Businessmen: Aquino silent on how PH can face current, future challenges
President Aquino’s last State of the Nation Address drew mixed reactions from the local and foreign business community on Monday as some groups deemed it to be “long on accomplishments” and “short on promises” while other quarters saw it as the best speech delivered by the country’s chief executive.
John D. Forbes, senior adviser at the American Chamber of Commerce of the Philippines (AmCham), and Henry J. Schumacher, vice president for external affairs of the European Chamber of Commerce of the Philippines Inc. (ECCP), both pointed that this year’s SONA lacked promises and discussions regarding ongoing and future national challenges.
“We still encourage the administration to implement the recommendations in the May 15 letter of the Joint Foreign Chambers and the Philippine Business Groups to the President,” Forbes and Schumacher said in separate text messages on Monday.
The recommendations, aimed at ensuring inclusive growth through job generation, poverty reduction, and global competitiveness, focused on reforms institutionalizing integrity and good governance, accelerating infrastructure development, ensuring massive job generation, facilitating trade, increasing foreign investment, and boosting competitiveness.
Dan Lachica, president of the Semiconductor and Electronics Industries in the Philippines Inc. (Seipi), noted separately that while he rated President Aquino higher than his predecessors for bringing the Philippines to investment grade and for a significantly improved growth of 6.2 percent in th gross domestic product (GDP), there were several key issues he would have wanted to hear.
These included a roadmap for reliable power supply at competitive cost; and actions to increase foreign direct investments to the country, currently at over $6 billion, to the level of competing countries, such as Indonesia (whose FDIs stood at about $20 billion) or even Singapore (at over $50 billion).
Lachica had also hoped to hear about improvements in the ease of doing business by eliminating corruption and redundancy of permits from government agencies, and efficient government process flows.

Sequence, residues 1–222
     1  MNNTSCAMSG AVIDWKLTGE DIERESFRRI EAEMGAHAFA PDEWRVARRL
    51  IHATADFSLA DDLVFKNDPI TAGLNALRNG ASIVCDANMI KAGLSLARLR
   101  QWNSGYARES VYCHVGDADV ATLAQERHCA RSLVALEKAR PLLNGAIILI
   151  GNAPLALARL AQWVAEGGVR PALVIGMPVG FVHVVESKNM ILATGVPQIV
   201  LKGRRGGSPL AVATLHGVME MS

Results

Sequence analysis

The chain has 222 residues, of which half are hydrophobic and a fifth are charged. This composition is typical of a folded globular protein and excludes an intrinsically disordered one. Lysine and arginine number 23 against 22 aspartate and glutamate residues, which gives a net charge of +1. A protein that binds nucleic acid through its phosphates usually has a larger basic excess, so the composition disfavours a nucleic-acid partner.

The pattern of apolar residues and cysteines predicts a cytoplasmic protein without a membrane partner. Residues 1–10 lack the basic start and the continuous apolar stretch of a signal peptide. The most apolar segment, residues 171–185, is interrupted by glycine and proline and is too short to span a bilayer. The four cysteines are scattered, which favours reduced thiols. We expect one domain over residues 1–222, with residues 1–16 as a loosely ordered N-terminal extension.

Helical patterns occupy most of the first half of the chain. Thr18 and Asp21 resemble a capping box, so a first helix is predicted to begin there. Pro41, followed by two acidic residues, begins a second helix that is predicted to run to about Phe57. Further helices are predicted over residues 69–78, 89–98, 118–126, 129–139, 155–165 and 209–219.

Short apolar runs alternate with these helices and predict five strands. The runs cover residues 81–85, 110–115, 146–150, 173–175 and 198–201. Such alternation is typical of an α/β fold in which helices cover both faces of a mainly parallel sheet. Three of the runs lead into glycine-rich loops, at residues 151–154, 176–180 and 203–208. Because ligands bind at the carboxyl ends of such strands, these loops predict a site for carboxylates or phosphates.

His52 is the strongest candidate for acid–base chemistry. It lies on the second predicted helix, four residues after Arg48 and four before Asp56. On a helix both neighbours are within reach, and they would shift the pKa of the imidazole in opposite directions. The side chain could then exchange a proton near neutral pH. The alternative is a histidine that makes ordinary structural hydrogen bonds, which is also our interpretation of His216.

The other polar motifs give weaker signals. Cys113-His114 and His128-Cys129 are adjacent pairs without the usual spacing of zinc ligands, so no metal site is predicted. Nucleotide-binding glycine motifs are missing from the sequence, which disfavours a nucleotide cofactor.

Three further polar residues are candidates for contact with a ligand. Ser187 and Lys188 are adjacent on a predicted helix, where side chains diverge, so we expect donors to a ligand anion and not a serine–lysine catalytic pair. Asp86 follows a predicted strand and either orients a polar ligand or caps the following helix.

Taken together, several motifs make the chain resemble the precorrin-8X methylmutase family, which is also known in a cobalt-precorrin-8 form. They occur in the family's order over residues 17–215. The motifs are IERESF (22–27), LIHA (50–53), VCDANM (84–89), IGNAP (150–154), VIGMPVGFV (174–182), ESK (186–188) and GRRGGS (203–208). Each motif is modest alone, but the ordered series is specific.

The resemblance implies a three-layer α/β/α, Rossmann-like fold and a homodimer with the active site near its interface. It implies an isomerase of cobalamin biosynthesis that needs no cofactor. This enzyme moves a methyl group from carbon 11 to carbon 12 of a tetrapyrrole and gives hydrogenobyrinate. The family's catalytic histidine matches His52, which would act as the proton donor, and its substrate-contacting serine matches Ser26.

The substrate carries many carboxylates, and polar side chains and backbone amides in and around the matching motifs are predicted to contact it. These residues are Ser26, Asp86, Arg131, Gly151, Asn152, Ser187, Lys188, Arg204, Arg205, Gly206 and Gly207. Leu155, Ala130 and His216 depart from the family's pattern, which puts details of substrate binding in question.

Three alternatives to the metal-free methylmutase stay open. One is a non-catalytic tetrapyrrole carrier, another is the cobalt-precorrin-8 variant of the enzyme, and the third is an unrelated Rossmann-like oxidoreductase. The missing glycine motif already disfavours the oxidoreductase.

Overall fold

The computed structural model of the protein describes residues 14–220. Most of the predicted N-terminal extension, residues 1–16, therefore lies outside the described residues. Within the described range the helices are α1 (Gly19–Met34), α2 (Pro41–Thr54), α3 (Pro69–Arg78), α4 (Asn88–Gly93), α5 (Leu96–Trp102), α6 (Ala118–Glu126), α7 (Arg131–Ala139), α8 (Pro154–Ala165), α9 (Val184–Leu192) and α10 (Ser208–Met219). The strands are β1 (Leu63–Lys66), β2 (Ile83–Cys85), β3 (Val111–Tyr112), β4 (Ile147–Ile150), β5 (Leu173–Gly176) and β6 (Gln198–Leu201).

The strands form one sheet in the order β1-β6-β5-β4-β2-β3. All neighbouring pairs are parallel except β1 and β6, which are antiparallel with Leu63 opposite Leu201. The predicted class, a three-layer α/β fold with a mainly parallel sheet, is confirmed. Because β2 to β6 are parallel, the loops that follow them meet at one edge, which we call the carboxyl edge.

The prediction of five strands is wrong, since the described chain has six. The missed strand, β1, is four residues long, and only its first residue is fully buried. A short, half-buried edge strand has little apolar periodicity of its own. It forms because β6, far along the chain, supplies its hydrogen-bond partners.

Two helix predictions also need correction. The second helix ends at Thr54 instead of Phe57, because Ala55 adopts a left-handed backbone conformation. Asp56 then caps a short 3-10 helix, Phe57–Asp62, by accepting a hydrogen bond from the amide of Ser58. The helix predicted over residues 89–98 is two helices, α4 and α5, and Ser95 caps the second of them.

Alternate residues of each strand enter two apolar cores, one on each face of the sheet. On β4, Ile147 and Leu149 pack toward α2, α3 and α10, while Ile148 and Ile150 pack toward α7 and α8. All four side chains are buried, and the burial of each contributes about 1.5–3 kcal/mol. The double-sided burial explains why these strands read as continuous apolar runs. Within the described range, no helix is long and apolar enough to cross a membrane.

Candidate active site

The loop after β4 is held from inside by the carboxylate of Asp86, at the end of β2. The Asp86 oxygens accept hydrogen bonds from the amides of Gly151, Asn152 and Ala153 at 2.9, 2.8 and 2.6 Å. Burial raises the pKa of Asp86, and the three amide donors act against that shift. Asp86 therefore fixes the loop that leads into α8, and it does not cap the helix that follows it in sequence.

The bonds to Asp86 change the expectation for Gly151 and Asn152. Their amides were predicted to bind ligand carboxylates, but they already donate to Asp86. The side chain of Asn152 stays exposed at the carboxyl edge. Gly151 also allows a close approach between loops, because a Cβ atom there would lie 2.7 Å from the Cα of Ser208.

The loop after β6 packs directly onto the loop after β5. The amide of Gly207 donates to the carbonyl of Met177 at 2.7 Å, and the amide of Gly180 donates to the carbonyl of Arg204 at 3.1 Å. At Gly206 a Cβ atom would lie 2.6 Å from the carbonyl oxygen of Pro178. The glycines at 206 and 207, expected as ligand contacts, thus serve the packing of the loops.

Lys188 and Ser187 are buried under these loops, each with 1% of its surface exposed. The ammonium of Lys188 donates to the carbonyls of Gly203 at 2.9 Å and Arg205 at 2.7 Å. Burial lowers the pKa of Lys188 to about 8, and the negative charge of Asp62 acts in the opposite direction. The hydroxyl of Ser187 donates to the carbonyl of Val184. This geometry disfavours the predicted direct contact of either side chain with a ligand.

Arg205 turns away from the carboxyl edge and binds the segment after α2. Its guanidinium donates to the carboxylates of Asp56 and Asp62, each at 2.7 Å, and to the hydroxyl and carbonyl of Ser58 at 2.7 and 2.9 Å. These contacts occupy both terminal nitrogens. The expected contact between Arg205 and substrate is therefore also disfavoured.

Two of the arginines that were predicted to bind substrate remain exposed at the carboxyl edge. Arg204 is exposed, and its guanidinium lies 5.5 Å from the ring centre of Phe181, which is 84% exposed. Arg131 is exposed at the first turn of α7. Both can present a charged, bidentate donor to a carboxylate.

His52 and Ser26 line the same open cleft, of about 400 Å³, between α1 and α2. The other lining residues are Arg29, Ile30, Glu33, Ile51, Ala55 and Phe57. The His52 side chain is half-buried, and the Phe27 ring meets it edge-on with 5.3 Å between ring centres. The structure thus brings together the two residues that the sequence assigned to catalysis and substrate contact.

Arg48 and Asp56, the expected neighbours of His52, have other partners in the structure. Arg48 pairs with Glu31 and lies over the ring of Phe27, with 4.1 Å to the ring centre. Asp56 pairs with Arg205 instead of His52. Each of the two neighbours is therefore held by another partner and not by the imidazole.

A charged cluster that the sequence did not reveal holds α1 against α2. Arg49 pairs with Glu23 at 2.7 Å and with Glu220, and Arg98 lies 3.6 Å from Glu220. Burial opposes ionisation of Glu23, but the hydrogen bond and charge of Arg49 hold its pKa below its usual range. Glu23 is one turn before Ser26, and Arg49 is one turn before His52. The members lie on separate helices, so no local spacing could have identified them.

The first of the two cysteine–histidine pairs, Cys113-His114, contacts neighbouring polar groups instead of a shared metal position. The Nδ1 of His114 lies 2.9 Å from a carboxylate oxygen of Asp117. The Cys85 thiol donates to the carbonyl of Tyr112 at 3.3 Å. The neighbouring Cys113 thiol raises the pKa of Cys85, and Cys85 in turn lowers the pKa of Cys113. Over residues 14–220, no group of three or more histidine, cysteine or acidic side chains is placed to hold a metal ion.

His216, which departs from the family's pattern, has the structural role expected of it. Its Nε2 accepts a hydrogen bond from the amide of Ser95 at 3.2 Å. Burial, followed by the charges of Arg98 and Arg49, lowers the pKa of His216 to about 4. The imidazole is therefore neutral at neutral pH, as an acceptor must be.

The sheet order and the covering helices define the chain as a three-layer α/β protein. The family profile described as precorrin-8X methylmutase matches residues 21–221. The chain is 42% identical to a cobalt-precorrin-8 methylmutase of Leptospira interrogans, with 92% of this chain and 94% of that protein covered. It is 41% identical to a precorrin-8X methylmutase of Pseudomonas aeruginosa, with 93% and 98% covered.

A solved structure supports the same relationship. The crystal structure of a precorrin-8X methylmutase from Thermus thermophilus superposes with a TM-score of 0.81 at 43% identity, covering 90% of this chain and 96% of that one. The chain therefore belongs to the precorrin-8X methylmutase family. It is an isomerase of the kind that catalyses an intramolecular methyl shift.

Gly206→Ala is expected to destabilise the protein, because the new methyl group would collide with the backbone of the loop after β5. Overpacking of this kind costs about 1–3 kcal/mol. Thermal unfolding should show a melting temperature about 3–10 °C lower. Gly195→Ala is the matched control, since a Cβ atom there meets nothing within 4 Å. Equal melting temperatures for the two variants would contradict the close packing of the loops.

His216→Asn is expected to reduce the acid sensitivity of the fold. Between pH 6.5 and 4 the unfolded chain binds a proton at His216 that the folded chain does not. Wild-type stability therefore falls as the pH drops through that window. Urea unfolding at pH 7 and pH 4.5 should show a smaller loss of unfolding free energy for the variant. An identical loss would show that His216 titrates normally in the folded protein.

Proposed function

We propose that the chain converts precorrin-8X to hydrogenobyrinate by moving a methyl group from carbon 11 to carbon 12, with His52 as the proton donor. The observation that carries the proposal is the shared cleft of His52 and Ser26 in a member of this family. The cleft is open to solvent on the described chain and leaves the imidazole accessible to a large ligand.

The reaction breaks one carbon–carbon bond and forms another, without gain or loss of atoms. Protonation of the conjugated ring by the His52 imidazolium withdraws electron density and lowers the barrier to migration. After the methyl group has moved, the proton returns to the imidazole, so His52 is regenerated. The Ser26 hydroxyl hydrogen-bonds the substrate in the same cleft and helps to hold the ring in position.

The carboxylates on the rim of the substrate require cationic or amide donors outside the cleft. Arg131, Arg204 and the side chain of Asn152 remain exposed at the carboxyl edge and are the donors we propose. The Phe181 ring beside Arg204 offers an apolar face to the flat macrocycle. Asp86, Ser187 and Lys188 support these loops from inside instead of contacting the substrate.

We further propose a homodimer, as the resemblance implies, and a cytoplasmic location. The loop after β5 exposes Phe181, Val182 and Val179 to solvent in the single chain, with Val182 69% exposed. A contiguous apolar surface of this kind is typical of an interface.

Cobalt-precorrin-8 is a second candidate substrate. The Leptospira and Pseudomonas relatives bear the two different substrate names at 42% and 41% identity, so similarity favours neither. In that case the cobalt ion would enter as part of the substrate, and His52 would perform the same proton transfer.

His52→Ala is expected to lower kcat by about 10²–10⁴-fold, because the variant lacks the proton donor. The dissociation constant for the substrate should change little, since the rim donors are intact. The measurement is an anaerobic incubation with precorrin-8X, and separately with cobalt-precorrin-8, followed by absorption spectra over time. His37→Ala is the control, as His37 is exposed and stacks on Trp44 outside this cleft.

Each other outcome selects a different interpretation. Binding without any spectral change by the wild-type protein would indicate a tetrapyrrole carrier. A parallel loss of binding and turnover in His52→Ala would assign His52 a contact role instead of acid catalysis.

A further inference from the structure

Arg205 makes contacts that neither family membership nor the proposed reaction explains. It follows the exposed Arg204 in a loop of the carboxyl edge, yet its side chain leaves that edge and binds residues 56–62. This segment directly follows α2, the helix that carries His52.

For Philippine Exporters Confederation Inc. (Philexport) president Sergio Ortiz-Luis Jr., President Aquino’s speech seemed more like a “valedictory speech.”
Ortiz-Luis said in a phone interview Monday that while many of the accomplishments were valid, such as those in labor, employment, education and poverty alleviation, he deemed as questionable other accomplishments trumpeted, such as in the foreign direct investments. He argued that while the Philippines saw growth in FDI inflows, the value was relatively marginal compared to the country’s neighbors in the region.
“He delivered his speech well. His economic gains (i.e., GNP growth, national competitive rankings, strong banking system, public private partnership projects) were truly remarkable. His strong leadership was obvious. His reform agenda was effective in achieving economic spurts. What was lacking was the future business direction for the country, solution to traffic and transportation problems, passage of Freedom of Information bill for transparency, China conflict approach and Mindanao peace and development. Also, (the mention of) inclusive growth programs was lacking,” Management Association of the Philippines (MAP) president Francisco F. del Rosario Jr. added.
Peter V. Perfecto, executive director of the Makati Business Club (MBC), said the President was able to clearly communicate what his administration has managed to deliver so far in line with their original contract with his bosses of a ‘Daang Matuwid’ regime.
“I believe this was probably his best SONA speech and I hope that this will mean that we can expect more from the final year even as elections fast approach. I am still hopeful that key infrastructure PPPs will roll out and legislative priorities like the anti-dynasty bill, Bangsamoro Basic Law, FOI, Build-Operate-Transfer Law amendments, Customers Modernization and Tariff Act (CMTA) and Department of Information and Communications Technology (DICT) will prosper,” Perfecto said.
Edgardo G. Lacson, president of the Employers Confederation of the Philippines (ECOP), said the government accomplished much in areas which the nation appreciated.
“But the quest for progress and prosperity is a never-ending journey and no one president can lay claim to have achieved all the goals he sets at the start of his term. Much more are expected and need to be done and new challenges must be faced by all succeeding administrations with deep commitment and political will. There is universal agreement that every president leaves a very important legacy that benefits our country. However, history always takes a long time to pass its judgment for outgoing presidents,” Lacson said.
“Good governance as articulated in Daang Matuwid regime is a fundamental principle that must be nurtured by the incoming new president and all those coming after him. The people expect no less,” he added.
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